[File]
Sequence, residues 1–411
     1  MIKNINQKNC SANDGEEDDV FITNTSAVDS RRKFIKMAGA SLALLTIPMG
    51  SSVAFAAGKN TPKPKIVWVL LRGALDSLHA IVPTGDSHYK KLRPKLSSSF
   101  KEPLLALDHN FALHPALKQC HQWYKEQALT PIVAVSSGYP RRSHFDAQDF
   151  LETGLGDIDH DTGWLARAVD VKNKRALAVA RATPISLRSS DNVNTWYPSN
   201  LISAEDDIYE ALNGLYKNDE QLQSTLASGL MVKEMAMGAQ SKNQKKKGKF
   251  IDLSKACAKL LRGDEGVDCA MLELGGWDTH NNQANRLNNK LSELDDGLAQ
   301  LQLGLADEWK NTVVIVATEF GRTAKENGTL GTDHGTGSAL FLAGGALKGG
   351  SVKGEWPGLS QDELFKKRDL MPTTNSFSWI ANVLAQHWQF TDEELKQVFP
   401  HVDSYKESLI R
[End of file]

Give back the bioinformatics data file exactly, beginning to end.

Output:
Sequence, residues 1–411
     1  MIKNINQKNC SANDGEEDDV FITNTSAVDS RRKFIKMAGA SLALLTIPMG
    51  SSVAFAAGKN TPKPKIVWVL LRGALDSLHA IVPTGDSHYK KLRPKLSSSF
   101  KEPLLALDHN FALHPALKQC HQWYKEQALT PIVAVSSGYP RRSHFDAQDF
   151  LETGLGDIDH DTGWLARAVD VKNKRALAVA RATPISLRSS DNVNTWYPSN
   201  LISAEDDIYE ALNGLYKNDE QLQSTLASGL MVKEMAMGAQ SKNQKKKGKF
   251  IDLSKACAKL LRGDEGVDCA MLELGGWDTH NNQANRLNNK LSELDDGLAQ
   301  LQLGLADEWK NTVVIVATEF GRTAKENGTL GTDHGTGSAL FLAGGALKGG
   351  SVKGEWPGLS QDELFKKRDL MPTTNSFSWI ANVLAQHWQF TDEELKQVFP
   401  HVDSYKESLI R